Heftler Visiting Artist
Giovanni DeCunto: Lost and Found
Wednesday, October 29 – January 8, 2015
Thursday, November 20
Gallery Talk: 4:00 p.m.
Reception: 5:00 p.m.
Exhibition, reception, and public artist talk are free and open to the public.
Monday – Thursday, 9:00 a.m. – 7:00 p.m.
Friday, 9:00 a.m. – 5:00 p.m.
Saturday and Sunday, 2:00 – 4:00 p.m.
Galleries at the Walter J. Manninen Center for the Arts will be closed on November 26 – 28,
and December 24 – January 5, 2015
|Described as a “voyeur of contemporary culture,” Giovanni DeCunto brings his recent series of paintings, Lost and Found, to the North Shore with a solo exhibition in the Heftler Visiting Artist Gallery at Endicott College. Of the seven enormous works on view in Endicott’s Walter J. Manninen Center of the Arts through January 8, Giovanni expounds, “I paint for humanity. I call to arms the eternal spirit of man; the builder; the organizer; and the evolutionary spirit that creates civilizations.” The public is encouraged to view these iconoclastic works this month, and meet the artist on Thursday, November 20 for a public gallery talk starting at 4:00 p.m. followed by a reception at 5:00 p.m.
||Driven to paint at the young age of seven, Giovanni knew that he would be an artist of such strength and talent that the world would know of him. And sure enough what transpired was a life-long artistic exploration of civilization, culture, and the intersecting themes of individualism and freedom. Giovanni’s paintings have been acquired by major institutions worldwide, including; the Smithsonian, Harvards’ Fogg Museum, the Massachusetts Institute of Technology’s Historical Collection, the Boston Museum of Fine Arts, the Reusch Collection in Zurich, and the Ueno Royal Museum in Tokyo.
In contrast to earlier works which included celebrities such as Gianni Versace, Michael Jordan, Robert DeNiro, Frank Sinatra, and JFK Jr., Lost and Found is a series of more ambiguous subjects. Densely layered paintings consisting of both images and texts, they are camouflaged with a myriad of color and patterning. Uniting the paintings is a stream of consciousness “poetic story,” that Giovanni produced in a creative writing course.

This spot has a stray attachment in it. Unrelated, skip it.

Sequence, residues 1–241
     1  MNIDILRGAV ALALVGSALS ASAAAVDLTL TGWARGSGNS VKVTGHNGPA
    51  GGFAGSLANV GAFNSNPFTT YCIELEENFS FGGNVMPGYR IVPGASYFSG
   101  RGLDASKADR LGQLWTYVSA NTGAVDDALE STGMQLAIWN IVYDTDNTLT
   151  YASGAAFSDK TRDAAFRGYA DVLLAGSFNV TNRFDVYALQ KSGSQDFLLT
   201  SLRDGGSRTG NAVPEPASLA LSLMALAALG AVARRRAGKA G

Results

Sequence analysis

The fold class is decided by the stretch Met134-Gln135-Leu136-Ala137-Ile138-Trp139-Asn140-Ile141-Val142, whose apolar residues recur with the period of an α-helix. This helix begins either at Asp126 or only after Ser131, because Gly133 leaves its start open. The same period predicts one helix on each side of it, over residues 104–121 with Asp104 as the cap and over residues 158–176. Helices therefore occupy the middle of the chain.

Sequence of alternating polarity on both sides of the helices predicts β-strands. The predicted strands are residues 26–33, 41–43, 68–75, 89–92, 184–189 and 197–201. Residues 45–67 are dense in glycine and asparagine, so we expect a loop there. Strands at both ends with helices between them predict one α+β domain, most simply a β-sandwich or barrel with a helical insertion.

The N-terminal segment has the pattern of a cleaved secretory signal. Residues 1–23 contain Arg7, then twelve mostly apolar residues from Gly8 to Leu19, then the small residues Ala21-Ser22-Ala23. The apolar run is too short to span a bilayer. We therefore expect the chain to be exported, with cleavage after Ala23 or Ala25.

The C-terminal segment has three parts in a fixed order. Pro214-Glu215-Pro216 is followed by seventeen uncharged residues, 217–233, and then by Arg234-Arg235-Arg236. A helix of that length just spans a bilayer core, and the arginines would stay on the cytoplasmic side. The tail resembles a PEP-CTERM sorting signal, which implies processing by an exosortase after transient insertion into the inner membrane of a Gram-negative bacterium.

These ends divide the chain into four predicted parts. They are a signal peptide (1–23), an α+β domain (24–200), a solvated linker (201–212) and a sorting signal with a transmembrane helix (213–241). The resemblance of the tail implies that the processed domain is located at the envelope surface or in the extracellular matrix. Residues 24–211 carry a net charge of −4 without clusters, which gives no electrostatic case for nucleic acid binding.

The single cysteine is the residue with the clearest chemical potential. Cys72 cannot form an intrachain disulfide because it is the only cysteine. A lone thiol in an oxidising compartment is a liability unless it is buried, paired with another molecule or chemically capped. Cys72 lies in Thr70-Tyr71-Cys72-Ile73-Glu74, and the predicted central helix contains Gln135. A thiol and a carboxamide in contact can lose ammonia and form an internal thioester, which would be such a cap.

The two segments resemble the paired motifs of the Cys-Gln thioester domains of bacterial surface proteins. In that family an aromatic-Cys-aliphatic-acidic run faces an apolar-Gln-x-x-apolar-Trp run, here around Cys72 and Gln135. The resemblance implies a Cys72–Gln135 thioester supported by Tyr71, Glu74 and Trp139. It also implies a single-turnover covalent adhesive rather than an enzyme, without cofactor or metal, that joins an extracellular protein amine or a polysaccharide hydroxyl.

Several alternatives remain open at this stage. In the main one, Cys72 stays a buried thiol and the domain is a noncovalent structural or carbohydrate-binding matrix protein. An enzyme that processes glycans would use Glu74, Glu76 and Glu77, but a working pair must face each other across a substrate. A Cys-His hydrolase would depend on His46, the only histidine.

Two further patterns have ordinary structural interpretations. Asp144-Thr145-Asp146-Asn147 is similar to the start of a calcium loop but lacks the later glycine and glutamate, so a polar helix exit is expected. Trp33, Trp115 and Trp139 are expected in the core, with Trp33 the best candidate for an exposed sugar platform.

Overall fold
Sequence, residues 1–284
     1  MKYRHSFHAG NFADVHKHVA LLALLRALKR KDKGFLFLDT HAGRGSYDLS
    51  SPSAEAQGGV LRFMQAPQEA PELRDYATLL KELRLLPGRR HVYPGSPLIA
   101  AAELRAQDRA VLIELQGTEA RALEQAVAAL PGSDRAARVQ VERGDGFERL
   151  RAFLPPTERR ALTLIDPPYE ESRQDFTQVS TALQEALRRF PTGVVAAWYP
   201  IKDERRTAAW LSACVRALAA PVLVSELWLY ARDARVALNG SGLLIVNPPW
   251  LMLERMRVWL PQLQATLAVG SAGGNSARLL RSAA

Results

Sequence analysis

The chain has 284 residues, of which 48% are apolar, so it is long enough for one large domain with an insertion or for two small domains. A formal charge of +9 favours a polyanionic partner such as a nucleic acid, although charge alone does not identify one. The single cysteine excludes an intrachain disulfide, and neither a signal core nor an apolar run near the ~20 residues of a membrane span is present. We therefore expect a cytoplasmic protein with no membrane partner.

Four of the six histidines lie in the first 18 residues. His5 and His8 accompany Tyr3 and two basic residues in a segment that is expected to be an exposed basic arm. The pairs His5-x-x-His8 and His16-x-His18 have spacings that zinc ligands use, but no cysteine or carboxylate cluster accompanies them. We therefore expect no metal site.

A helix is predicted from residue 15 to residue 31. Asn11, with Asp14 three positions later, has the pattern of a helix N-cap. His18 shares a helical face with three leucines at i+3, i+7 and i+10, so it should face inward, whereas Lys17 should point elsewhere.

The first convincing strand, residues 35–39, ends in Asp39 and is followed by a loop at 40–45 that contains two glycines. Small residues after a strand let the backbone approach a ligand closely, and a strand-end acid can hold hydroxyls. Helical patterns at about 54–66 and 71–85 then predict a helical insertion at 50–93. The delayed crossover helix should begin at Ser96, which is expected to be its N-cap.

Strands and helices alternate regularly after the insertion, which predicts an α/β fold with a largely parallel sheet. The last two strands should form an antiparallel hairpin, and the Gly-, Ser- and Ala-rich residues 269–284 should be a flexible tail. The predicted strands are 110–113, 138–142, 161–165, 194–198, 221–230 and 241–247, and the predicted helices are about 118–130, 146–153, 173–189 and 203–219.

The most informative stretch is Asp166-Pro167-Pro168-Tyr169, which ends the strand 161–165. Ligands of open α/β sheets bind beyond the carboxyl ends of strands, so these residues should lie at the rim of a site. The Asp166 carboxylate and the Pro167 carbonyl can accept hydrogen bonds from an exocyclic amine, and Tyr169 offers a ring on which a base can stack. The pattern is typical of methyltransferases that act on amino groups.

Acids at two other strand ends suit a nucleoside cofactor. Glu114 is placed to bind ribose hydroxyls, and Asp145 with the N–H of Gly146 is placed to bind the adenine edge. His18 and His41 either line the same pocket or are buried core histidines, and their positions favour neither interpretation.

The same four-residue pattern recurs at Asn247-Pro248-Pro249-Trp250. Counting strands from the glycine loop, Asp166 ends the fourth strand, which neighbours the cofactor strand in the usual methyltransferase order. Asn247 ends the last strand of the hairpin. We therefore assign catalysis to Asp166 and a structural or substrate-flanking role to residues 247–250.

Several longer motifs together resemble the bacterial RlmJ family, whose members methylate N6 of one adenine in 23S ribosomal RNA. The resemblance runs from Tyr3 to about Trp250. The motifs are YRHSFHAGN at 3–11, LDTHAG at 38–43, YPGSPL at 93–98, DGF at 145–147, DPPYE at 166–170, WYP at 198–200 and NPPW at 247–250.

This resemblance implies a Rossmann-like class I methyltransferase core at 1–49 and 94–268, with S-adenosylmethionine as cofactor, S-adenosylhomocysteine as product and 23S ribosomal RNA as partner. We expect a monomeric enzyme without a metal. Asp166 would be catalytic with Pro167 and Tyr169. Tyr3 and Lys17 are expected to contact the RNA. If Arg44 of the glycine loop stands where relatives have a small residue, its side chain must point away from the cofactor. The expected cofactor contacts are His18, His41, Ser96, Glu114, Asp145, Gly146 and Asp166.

The writings, presented both within the paintings as painterly graphics, and on more legible panels adjacent to each painting, begin by setting the stage, “High on a ridge in the south of France; Overlooking a low-lying scape; On such a cold day in Autumn; The sun was sharp and the shadows deep, As the Shepard boy was huddled in the hollow of a tree.” Universal themes abound, including dreams, dark forests, death, fantasy, a medieval queen, castles, love, truth, and even a drawbridge. In his ongoing effort to blend altruism, equality, and freedom Giovanni has again partnered with Endicott College Boston by donating a significant portion of sales from this exhibit to benefit its Annual Scholarship Program.
Dean of the Visual and Performing Arts, Mark Towner, eagerly shared his appreciation of Giovanni and the exhibit, saying, “How often do we get to experience monumental works with archetypal themes that express social concern, passion, technical sophistication, and unique aesthetics? Rarely, yet here we have it, for our students and the entire North Shore to experience first-hand. Furthermore, this particular series of Giovanni’s paintings engage viewers unlike most works of art: It is up to the audience to weave together the literary and painterly themes and emerge with their own tale of mythological quests.” Housed within Endicott’s School of Visual and Performing Arts, the exhibit complements the degree programs that help artists secure creative careers; Art Therapy, Arts Education, Interior Design, Graphic Design, Photography and Studio Art.
For further information regarding Giovanni DeCunto: Lost and Found and related programming please contact Kathleen Moore at firstname.lastname@example.org or 978-232-2655.